Protestants erroneously affirm the priesthood of all “believers”. There is a fatal flaw in this doctrine. How do we know who actually believes? Any one can say they have the Holy Spirit living in them but that does not mean they actually do have the Spirit in them. Thus, someone who believes can claim individual authority and private interpretation over himself in contradiction to 2 Pet. 1:20-21. The doctrine of the priesthood of all “believers” comes from 1 Pet. 2:9. The only problem is that it says nothing of the sort. Most scholars acknowledge 1 Peter to be a baptismal homily. This can be explicitly seen in Peter’s view of baptism where he states “baptism now saves you” (1 Pet. 3:21). 1 Peter 1:3 echoes John 3:3-5. Very few people disagree with the notion that water baptism is what initially makes one born again. Sadly, many Protestants disagree with this idea and state their own private judgment and personal relationship makes one a Christian. One unfortunately cannot be a Christian alone so it is time for all Protestants to adopt the Catholic and Orthodox teaching of the priesthood of all the baptized.
3. The Eucharist is Really the Body and Blood
I can quote John 6:51-58 and Matthew 26:26 and Mark 14:22 and Luke 22:19 but I still cannot make one affirm the actual meaning of these texts. For Protestants, they are consubstantial with the bread and wine at best. Spiritual (whatever that means) at second best. And symbolic at worst. The idea of the symbolic interpretation must be resisted at once. Any interpretation of a spiritual meaning that does not affirm we actually physically eat the body and blood of Jesus must also be rejected. For Protestants though, it seems the problem is the idea of the eucharist as a continued sacrifice. Protestants need to adopt this language though. The eucharist is in fact Jesus pouring his body and blood out for us. If you pay attention to what he says. He says, “this is my body which was broken for you”. Jesus, at the moment he administers it, his body is broken for them. He’s died on the cross before his disciples have witnessed it in time. This is the way the texts were to be intended and only reading the Bible through the eyes of the Church gives us this meaning. What Protestants don’t understand though, is that God is timeless. If God is timeless, then the crucifixion of God is not locked to a “one time event” either.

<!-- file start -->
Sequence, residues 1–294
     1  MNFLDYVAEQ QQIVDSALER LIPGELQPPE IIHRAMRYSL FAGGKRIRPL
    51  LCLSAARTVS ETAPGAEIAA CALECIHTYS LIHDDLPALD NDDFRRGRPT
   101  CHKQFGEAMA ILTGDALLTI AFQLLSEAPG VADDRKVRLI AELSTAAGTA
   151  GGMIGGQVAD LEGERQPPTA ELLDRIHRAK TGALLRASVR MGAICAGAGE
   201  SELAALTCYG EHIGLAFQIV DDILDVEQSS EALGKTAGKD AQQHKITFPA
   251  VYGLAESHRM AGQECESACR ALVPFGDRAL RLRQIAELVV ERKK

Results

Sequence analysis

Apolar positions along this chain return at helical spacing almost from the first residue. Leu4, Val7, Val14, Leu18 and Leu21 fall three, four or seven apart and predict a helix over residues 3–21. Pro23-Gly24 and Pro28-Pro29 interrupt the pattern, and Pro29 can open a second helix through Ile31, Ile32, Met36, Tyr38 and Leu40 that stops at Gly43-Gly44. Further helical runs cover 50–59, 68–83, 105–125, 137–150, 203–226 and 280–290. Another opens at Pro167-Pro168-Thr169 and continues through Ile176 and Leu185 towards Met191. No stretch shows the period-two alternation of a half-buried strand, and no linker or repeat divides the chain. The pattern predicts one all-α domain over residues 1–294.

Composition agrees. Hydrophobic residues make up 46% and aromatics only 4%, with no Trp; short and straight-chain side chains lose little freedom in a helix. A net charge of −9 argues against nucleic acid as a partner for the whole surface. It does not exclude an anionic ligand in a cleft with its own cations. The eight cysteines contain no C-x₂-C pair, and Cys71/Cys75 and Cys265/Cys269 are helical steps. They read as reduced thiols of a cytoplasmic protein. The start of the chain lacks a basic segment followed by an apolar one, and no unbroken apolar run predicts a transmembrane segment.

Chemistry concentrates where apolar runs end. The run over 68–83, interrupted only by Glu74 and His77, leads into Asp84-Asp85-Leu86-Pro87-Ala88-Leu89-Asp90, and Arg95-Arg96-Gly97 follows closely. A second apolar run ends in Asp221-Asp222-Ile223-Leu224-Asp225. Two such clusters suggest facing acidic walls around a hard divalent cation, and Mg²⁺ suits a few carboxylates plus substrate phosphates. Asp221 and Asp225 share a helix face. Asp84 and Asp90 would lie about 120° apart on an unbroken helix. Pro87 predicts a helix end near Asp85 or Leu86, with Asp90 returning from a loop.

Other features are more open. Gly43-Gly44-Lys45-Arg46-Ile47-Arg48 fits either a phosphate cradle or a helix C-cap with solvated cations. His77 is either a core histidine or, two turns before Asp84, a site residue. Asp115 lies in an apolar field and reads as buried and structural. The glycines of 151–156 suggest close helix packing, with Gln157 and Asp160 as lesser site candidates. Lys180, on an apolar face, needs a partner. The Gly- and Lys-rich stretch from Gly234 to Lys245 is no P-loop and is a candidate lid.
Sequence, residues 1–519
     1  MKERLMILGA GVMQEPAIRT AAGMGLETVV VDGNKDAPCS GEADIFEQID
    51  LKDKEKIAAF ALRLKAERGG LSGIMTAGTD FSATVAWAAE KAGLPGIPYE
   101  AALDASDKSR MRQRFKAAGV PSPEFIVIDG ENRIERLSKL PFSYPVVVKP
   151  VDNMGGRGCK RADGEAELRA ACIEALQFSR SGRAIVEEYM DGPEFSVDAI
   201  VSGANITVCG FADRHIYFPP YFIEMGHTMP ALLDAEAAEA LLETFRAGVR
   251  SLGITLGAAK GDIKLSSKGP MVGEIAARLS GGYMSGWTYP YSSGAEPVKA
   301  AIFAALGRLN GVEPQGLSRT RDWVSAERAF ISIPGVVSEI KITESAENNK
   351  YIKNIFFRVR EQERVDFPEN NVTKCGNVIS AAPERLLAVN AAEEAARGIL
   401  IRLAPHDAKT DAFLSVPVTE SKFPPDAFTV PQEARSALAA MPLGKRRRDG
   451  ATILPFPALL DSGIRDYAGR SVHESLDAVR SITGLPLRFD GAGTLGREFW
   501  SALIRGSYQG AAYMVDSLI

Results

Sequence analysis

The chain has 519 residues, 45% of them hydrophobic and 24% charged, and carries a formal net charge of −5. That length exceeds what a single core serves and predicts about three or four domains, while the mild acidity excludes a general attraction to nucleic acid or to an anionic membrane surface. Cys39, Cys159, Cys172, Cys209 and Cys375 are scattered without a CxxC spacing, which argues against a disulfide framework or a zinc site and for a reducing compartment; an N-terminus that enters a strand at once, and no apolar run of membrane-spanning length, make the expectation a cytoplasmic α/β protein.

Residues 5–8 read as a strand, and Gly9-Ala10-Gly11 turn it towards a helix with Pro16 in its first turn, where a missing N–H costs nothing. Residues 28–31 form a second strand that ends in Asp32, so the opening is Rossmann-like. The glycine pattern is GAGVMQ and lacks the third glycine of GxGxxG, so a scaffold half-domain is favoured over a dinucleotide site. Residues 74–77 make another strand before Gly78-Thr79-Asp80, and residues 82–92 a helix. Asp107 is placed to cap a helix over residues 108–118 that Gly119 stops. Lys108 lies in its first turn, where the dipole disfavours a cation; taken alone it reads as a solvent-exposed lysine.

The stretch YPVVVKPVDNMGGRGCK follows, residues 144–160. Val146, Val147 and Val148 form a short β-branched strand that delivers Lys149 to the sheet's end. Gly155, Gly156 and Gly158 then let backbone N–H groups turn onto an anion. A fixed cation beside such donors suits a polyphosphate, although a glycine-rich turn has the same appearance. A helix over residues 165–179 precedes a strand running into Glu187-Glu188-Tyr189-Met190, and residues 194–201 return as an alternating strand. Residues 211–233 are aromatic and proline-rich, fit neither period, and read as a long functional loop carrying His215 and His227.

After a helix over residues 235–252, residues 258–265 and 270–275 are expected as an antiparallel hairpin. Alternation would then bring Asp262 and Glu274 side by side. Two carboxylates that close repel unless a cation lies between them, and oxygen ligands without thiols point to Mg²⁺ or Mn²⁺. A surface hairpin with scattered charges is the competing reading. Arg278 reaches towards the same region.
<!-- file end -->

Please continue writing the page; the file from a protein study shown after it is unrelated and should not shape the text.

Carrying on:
“God became a man so that man might become god” St. Athanasius once famously stated. Theosis is the raising up of the created order back to its original intent–its fashion in the full likeness of God. Creation was created very good and God’s intent all along was to make it deified. God made man in his image. God became a man and united himself in humanity. For most Protestants who cringe at this idea of the deification of man, God’s humanness only served the purpose of allowing us to cooperate on Earth with each other or taking a punishment away from us. The real reason why God became a man though was to resurrect the dead and conquer death and bestow on us the nature of divinity (1 Pet. 1:4).